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Entrepreneurship Programs Are Preparing Students to Become Pioneers

Given the right STEM education and opportunities, future founders can accomplish global good.

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“I walk on untrodden ground,” George Washington wrote 230 years ago. One of America’s greatest Founding Fathers was blazing a trail in which his actions (and their consequences) had no precedent.

Today, innovators and designers solve challenges that require new paradigms, processes and/or inventions for which there are no blueprints. As pioneers, they bear the risk of ruin from failure, while pursuing the lofty goal of changing the world. 

Our STEM Dilemma

Pioneers make progress possible, but in America, STEM education (science, tech, engineering and math) needs plenty of improvement. In 2015, 15-year-olds across the country ranked 38th in math and 24th in science out of 71 developed countries, according to Pew Research.

China, India, Russia and other developing countries are winning the race to produce future scientists, Nobel Prize winners and manufacturing supervisors. Small businesses create two-thirds of net new jobs. Therefore, entrepreneurship and STEM programs are important to America’s prosperity.

Related: Get Yourself an Entrepreneurial Education

Changes in Education Can Help

There are initiatives across America to grow innovation through curricula designed for students in elementary and high school. More importantly, there’s growing interest in entrepreneurship among kids. There’s a reason ABC’s Shark Tank, now in its 11th season, remains one of the most popular shows on primetime television.

Alex Hodara, who was recognized by Forbes‘ 30 Under 30, combines the sciences with entrepreneurship education. Rocket Club, an award-winning after-school program in New York City, teaches 7-to-14-year-olds about robotics, coding and founding a venture. His students actually learn how to start a business by creating things like proposals, contracts and invoices.

Execution, as all practitioners well know, is a key virtue of the sciences and small business. Entrepreneurs are forced to learn by doing, not rely on theory or impractical ideas. Students earn a currency called “Rocket Fuel,” which they can use to hire other classmates or get prizes.

Moreover, students with promising ideas obtain real money from the club to start their businesses. Rocket Club is already at full capacity until September of this year, and with good reason — enrollees meet with entrepreneurs and engineers from organizations like NASA, Red Bull and Estée Lauder.

Early STEM Exposure Could Be Key

America’s educational landscape could use a big boost. In 2016, U.S. colleges produced 568,000 STEM graduates, according to World Economic Forum. China dwarfed that number at 4.7 million. In fact, 40 percent of all Chinese graduates received a STEM degree. India graduated 2.6 million STEM students in 2016, as well.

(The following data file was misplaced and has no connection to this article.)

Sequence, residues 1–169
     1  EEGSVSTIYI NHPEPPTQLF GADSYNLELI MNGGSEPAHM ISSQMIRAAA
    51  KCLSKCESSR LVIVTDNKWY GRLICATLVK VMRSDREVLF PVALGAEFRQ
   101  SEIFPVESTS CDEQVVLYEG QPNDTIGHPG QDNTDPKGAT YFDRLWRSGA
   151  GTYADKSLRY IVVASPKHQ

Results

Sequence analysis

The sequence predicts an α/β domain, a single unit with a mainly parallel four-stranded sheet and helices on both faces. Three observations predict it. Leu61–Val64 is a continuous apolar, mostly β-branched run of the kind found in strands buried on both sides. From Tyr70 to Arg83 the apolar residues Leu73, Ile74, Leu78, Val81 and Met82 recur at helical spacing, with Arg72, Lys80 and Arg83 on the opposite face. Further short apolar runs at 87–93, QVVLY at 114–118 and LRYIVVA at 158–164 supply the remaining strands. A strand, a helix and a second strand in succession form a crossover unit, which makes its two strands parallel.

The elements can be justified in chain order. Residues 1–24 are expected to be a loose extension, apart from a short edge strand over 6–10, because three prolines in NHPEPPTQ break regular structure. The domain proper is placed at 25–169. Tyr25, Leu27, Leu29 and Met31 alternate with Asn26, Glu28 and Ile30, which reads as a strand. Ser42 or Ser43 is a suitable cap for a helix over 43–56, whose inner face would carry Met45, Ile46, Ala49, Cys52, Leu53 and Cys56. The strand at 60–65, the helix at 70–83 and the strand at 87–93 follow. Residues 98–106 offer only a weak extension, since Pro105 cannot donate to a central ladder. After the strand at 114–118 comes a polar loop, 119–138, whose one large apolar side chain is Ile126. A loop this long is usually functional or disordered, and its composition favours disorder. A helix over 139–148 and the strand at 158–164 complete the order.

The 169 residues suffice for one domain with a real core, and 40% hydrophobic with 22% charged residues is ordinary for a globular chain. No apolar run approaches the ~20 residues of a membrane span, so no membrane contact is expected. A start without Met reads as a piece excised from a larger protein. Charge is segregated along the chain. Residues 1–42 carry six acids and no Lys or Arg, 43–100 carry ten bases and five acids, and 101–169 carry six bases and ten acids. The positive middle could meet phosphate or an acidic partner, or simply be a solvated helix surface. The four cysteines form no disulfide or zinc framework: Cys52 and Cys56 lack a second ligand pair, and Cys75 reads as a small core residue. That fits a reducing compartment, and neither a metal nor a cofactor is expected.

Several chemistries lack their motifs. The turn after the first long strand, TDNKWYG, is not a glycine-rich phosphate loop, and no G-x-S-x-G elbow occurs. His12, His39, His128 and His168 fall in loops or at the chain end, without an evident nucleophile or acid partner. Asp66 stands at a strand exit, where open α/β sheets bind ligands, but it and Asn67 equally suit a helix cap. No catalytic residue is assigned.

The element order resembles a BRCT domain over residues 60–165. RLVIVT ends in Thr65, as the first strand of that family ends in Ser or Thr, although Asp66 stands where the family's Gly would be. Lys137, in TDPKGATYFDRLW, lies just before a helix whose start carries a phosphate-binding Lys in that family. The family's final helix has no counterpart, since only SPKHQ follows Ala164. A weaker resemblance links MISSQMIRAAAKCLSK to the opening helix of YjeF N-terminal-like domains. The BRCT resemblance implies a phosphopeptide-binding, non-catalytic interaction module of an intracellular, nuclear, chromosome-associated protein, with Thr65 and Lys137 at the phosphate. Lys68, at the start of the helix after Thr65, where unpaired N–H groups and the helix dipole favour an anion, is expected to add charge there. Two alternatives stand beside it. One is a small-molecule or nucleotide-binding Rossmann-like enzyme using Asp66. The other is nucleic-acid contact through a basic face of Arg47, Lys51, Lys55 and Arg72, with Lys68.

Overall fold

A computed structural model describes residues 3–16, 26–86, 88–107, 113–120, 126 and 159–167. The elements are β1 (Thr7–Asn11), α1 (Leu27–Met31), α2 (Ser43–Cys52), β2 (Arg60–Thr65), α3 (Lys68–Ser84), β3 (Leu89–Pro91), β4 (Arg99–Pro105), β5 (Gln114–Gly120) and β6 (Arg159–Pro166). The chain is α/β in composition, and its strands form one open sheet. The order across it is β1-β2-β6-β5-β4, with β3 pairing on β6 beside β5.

In order to see different results, it’s the process that needs changing. Funded by Elon Musk, one extremely selective program is breaking free from traditional learning. The Ad Astra School, located inside SpaceX headquarters in Hawthorne, Calif., lets students choose their subjects. Students opt out of topics they don’t enjoy, work in teams and analyze real-world issues like artificial intelligence, nuclear policies and geopolitics in North Korea.

You’d think these were college-aged adults, but they’re actually kids between the ages of 7 and 14. Enrollees learn software programming and other technical skills, but they aren’t given a letter grade — ever.

After-school programs like Rocket Club and Ad Astra are paving the way for young minds to accomplish greatness by teaching and gamifying entrepreneurship, engineering, networking and other professional skills that aren’t emphasized in the traditional school system.

Related: Is Entrepreneurial Education Really That Important?

Today’s youth have more tools than ever to embrace practical, science-based learning, but America needs to reverse a few disturbing trends. STEM has key implications in the global economy, and unfortunately, U.S. manufacturing has seen a steep decline since the late 1990s.

In 1997, manufacturing accounted for 16 percent of U.S. gross domestic product; 20 years later that figure had dropped to 11.6 percent, according to World Bank. These are high-paying jobs that were lost to China, India and other countries. On average, with manufacturing jobs paying 12 percent more than other American jobs, that’s a problem.

Admirably, entrepreneurial pioneers go through daunting obstacles to get what’s needed. This kind of resiliency should be applauded — not seen as something insurmountable.

Innovative curricula make a difference by giving young talent the kind of exposure they need to develop and flourish. An imaginative mind should be encouraged to pursue what’s possible, even if there are no blueprints for soon-to-be solutions.

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